The May 26 Eclipse
The May 26 Eclipse is typically called the Flower Moon Eclipse because that’s when flowers are in full bloom and lilacs, lilies and the many annuals take center stage. This year, though, the Flower Moon an even rarer event: a Blood Moon have eclipsed it eclipse.
Alas only observers in the Western third of the United States be able to view most of this eclipse, for the Moon will not set until after totality. This makes the best viewing spot Hawaii, where the entire eclipse will occur with the Moon well up in the sky. Another suitable spot is Southwestern Alaska where the entire eclipse will be visible before the Moon sets. My family in Australia went to Tuncurry-Forster to see the Blood Moon Eclipse to go whale watching, though they could have stayed home and saw it in Sydney. Travelling up the coast ended up being a mistake, as it was overcast there. (see the shot above) and they did not catch a thing. By NASA – http://eclipse.gsfc.nasa.gov/LEplot/LEplot2001/LE2021May26T.pdf, Public Domain
What makes a Blood Moon?
During the total phase, the Moon’s disk will not go completely dark, but will light up with an eerie copper or reddish-orange glow, that is popularly called a “Blood Moon” because the sunlight striking Earth is diffused and scattered by our atmosphere and the Earth’s shadow is not completely dark. The ruddy hue is like sunrise and sunset only instead of being at the horizon, it is high in the sky like a bright blood-red orangey orb. During this eclipse, the top part of the Moon will be noticeably brighter during totality because that is the part of the Moon that will be closest to the outer edge of the umbral shadow.
Viewing Times for the Eclipse
Here is a timetable covering four time zones. If you see a — (dash) in the column it is because that particular phase of the eclipse is not observable because the Moon has already set.
Timetable for the May 26th Supermoon Lunar Eclipse, coast to coast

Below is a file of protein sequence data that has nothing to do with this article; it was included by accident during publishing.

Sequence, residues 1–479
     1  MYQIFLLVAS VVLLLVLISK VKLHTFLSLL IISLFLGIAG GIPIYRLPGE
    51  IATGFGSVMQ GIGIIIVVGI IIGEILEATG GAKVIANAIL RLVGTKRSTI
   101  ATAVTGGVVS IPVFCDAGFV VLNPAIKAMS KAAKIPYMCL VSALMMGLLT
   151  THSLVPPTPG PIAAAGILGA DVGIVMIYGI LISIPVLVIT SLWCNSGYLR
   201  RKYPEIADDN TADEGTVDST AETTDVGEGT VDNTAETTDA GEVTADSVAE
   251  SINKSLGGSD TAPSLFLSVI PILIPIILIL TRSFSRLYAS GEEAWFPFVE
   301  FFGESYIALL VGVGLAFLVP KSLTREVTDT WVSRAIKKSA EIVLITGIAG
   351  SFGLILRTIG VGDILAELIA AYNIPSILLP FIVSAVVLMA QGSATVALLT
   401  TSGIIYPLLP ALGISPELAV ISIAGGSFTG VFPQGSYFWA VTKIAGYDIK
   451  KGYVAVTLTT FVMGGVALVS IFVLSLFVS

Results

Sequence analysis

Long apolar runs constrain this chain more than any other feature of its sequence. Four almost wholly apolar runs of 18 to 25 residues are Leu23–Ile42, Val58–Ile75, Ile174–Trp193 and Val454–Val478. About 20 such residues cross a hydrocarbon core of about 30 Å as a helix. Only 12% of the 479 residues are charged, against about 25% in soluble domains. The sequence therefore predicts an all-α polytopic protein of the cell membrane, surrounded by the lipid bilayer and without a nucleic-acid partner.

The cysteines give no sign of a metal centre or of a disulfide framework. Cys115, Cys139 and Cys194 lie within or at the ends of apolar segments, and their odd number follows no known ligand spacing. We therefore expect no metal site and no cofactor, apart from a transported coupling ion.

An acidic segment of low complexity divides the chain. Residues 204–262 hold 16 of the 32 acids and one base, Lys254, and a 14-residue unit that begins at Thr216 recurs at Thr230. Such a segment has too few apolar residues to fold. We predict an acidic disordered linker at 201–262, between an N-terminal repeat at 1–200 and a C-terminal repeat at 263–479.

|Moon enters Penumbra||1:47 a.m||2:47 a.m.||3:47 a.m.||4:47 a.m.|
|Moon enters Umbra||2:44 a.m||3:44 a.m||4:44 a.m||—|
|Total Eclipse Begins||4:11 a.m||5:11 a.m.||—||—|
|Mid-Totality||4:18 a.m.||5:18 a.m.||—||—|
|Total Eclipse Ends||4:25 a.m.||5:25 a.m.||—||—|
|Moon leaves Umbra||—||—||—||—|
|Moon Leaves Penumbra||—||—||—||—|
If you missed it, you can view it thanks to PBS.
Chart for the Eclipse
I set the Chart for LA CA. The ascendant is 07 Taurus 46 which Charubel says indicates two swords crossing each other on the ground with a person standing on them as their sceptre points heavenward. The symbol highlights a time of peace, and laying down one’s arms and turning them to ploughshares. Perhaps the troubles in Israel will soon be over…for now.
It’s a Poppy Weekend
The chart is pretty evenly thrown on the eastern side of the wheel, highlighting a time to use one’s resources and planning ahead (Moon in Sagittarius) for the winter that is sure to come. The preponderance in Gemini spread through the first and second houses suggests a lot of discussion of how best to plan for the upcoming 3-day weekend in the US and the summer it inaugurates. Mercury is opposite the Galactic Centre, not shown, so it is getting a heavy workout as plans, travel and finances are worked out.
With the Sun opposite the Moon, it is an eclipse. The key is Pluto at the Midheaven, highlighting working out the various details of everyone. But a sombre note is Saturn in the tenth reminding Americans that traditionally this is the weekend to honour their fallen dead and the semi-sextile suggests a toast or a BBQ maybe how many choose to remember them, but please buy a Poppy.
Our last New Moon Chart of hoping for more than fortune would allow seemed to come true for many I knew, and a dear friend’s repose was a harsh reminder that it’s hard to beat a ninth house stellium. RIP K.L.C.